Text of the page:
Prior to the URAA, when two or more related patents claimed obvious variations of the same invention, a mechanism was needed to prevent each patent from receiving its own 17 years of patent term. Otherwise, if the second patent issued four years after the first, the patentee could obtain a total of 21 years of aggregate patent term on the same inventive concept. This issue had been addressed by permitting the patentee to disclaim terminal portions of the terms of the later patents, such that all related patents expire at the same time. The enactment of the URAA was expected to lessen the importance of terminal disclaimers. Indeed, the U.S. Court of Appeals for the Federal Circuit, which hears all appeals involving substantive patent law, recently remarked that “unjustified patent term extension” as a justification for requiring terminal disclaimers has “limited force” in many cases today, because of the Uruguay Round Agreements Act.9 Nevertheless, over the last ten years or so, the number of patents that issue with terminal disclaimers has increased. It is not uncommon for a PTO examiner to automatically assume that a terminal disclaimer is required in every related application.

What happens when a patent has both a terminal disclaimer and PTE? The Federal Circuit confronted that question in Merck & Co. v. Hi-Tech Pharmacal Co.10 Merck was a patent infringement action, based on abbreviated new drug applications, where the patent-in-suit had been rejected as claiming a mere obvious variation of what had been claimed in an earlier patent. The patentee overcame the obviousness-type double patenting rejection by filing a terminal disclaimer, linking the expiration of the patent-in-suit to that of the earlier patent, which had already expired; however, the patent-in-suit also had a term extension of 1,233 days based on regulatory review undertaken by the FDA.11

The defendant argued that the patent-in-suit had expired together with the earlier patent, by operation of the terminal disclaimer. The patentee, on the other hand, argued that the term of the patent-in-suit extended 1,233 days past the expiration date of the earlier patent, such that the patent-in-suit was still in force. In an analytical decision, the Federal Circuit found for the patentee, holding that the goals of (1) remedying obviousness-type double patenting and (2) compensating for time lost to FDA regulatory review can both be achieved by (1) first limiting the term of the patent to that of the first patent, by way of the terminal disclaimer, and then (2) extending that term as mandated by the patent term extension statute.12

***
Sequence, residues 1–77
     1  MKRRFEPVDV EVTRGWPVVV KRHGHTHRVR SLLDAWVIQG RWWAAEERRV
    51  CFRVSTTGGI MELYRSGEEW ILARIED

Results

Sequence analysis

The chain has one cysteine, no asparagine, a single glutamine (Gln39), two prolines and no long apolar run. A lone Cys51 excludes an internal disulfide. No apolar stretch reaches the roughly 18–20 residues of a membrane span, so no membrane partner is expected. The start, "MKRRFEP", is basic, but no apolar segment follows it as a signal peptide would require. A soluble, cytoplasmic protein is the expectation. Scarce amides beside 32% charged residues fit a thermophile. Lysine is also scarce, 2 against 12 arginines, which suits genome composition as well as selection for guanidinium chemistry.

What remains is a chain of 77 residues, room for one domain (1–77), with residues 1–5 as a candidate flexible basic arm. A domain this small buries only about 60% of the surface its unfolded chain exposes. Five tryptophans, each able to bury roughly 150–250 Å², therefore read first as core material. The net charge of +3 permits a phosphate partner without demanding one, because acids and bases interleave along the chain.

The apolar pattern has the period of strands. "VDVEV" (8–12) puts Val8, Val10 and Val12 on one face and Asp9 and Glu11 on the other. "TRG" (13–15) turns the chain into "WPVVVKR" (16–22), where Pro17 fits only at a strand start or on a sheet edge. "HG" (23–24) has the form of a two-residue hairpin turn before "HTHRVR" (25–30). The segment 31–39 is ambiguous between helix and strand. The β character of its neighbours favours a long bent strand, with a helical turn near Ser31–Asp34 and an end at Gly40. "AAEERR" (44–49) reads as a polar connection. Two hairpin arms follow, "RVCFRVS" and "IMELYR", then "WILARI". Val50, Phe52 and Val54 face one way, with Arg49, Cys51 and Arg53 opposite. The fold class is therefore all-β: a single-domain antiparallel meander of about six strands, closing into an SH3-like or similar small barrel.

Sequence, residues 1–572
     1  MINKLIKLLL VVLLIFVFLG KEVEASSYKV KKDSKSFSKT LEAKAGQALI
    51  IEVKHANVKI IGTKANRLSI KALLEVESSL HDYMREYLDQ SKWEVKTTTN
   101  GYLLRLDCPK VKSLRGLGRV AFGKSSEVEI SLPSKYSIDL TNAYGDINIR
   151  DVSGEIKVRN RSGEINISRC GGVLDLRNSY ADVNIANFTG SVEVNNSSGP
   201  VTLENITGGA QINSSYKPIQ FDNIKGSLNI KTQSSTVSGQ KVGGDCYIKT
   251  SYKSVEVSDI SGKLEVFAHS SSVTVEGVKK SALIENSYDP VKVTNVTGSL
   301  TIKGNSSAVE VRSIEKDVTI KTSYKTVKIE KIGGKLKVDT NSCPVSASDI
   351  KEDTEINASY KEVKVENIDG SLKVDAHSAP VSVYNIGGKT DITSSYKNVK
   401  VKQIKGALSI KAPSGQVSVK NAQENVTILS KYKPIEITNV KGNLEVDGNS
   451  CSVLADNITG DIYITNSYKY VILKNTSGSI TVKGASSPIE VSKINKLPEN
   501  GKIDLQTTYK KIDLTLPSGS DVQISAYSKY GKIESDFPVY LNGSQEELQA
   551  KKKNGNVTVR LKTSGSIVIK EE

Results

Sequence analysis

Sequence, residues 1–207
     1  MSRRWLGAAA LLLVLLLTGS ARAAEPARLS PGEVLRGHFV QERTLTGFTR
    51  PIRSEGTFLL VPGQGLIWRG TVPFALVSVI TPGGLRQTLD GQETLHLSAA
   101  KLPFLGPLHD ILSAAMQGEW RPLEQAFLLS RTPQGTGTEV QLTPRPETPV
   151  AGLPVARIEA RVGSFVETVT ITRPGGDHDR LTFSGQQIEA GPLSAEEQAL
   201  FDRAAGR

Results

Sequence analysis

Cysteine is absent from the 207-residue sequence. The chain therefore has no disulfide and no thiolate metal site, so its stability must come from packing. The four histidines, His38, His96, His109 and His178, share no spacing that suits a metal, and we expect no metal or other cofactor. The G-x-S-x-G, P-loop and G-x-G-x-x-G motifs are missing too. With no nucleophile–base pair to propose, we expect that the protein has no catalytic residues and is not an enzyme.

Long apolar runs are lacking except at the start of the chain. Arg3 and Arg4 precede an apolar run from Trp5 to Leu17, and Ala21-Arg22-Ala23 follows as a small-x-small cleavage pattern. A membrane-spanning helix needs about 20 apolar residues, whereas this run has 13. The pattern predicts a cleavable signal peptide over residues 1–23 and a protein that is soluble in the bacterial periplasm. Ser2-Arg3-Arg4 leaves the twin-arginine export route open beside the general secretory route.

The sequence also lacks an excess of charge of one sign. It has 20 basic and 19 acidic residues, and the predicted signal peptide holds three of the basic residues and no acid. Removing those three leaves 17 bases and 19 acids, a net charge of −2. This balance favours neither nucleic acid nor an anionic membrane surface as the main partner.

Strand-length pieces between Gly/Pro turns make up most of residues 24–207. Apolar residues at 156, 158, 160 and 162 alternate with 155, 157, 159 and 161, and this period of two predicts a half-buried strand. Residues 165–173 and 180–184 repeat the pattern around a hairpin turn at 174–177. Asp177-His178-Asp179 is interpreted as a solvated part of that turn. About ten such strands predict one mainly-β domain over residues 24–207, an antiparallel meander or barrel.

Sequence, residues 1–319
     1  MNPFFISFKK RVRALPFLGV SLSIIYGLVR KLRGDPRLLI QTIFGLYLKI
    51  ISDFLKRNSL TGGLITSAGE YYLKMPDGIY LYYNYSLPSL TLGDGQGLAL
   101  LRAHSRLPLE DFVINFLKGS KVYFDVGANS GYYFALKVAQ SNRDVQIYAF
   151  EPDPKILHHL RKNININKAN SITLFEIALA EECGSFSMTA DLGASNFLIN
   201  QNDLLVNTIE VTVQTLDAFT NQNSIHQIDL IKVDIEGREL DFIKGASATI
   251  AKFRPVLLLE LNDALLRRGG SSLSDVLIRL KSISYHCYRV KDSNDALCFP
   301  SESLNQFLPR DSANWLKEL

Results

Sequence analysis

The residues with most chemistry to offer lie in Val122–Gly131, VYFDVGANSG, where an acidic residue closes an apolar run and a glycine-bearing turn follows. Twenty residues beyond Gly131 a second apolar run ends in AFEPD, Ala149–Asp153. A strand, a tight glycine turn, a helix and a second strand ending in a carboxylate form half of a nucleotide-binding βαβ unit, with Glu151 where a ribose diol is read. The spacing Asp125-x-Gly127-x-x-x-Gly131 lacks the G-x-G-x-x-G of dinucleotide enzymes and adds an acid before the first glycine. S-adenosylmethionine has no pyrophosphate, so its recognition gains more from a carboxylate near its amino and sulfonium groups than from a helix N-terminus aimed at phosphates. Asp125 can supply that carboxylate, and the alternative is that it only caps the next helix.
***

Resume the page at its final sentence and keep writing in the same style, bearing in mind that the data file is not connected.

What happens when a patent has a terminal disclaimer and PTA? The Federal Circuit has not yet confronted that fact pattern directly, though it has indicated that the outcome should be different for patent term adjustment. In Merck, in the course of drawing a distinction with the patent term extension statute, which does not refer to terminal disclaimers, the Federal Circuit stated that the patent term adjustment statute “expressly excludes patents in which a terminal disclaimer was filed from the benefit of a term adjustment for PTO delays.”13 In future cases, it is likely the Federal Circuit will follow this reading of the patent term adjustment statute, and not apply a patent term adjustment to go beyond a patent term as dictated by a terminal disclaimer.

It is worth noting, however, that the Merck court did not quote the actual language of the PTA statute. The relevant portion of the statute uses the term “specified date,” as follows: “No patent the term of which has been disclaimed beyond a specified date may be adjusted . . . beyond the expiration date specified in the [terminal] disclaimer.”14 There is a distinction between a terminal disclaimer which refers to a date certain, and thus is independent of the actual expiration date of another patent, and a terminal disclaimer which does not mention a date certain, but rather is functionally linked to the expiration of the other patent.15 Most terminal disclaimers are in the latter category. One could argue that the term “specified date” limits that portion of the PTA statute to only those relatively few terminal disclaimers which specify actual dates; however, until the Federal Circuit has an opportunity to reconsider that aspect of its decision in Merck, the wise approach would be to assume the court meant what it said about the PTA statute, even though the only “debated question” in Merck involved the PTE statute.16

In general, PTE may be applied to a patent that contains a terminal disclaimer, whereas PTA likely cannot be applied to a patent that contains a terminal disclaimer beyond the disclaimed portion. There are additional considerations however that will likely come up when the Federal Circuit one day addresses this issue.

Mark J. Thronson, a partner in the Washington DC office of Dickstein Shapiro LLP, has 25 years of experience in patent law, litigation, counseling, and prosecution. He was a primary examiner at the U.S. Patent and Trademark Office and, for many years, an adjunct professor at Johns Hopkins University, where he taught intellectual property law to graduate business students. His email address is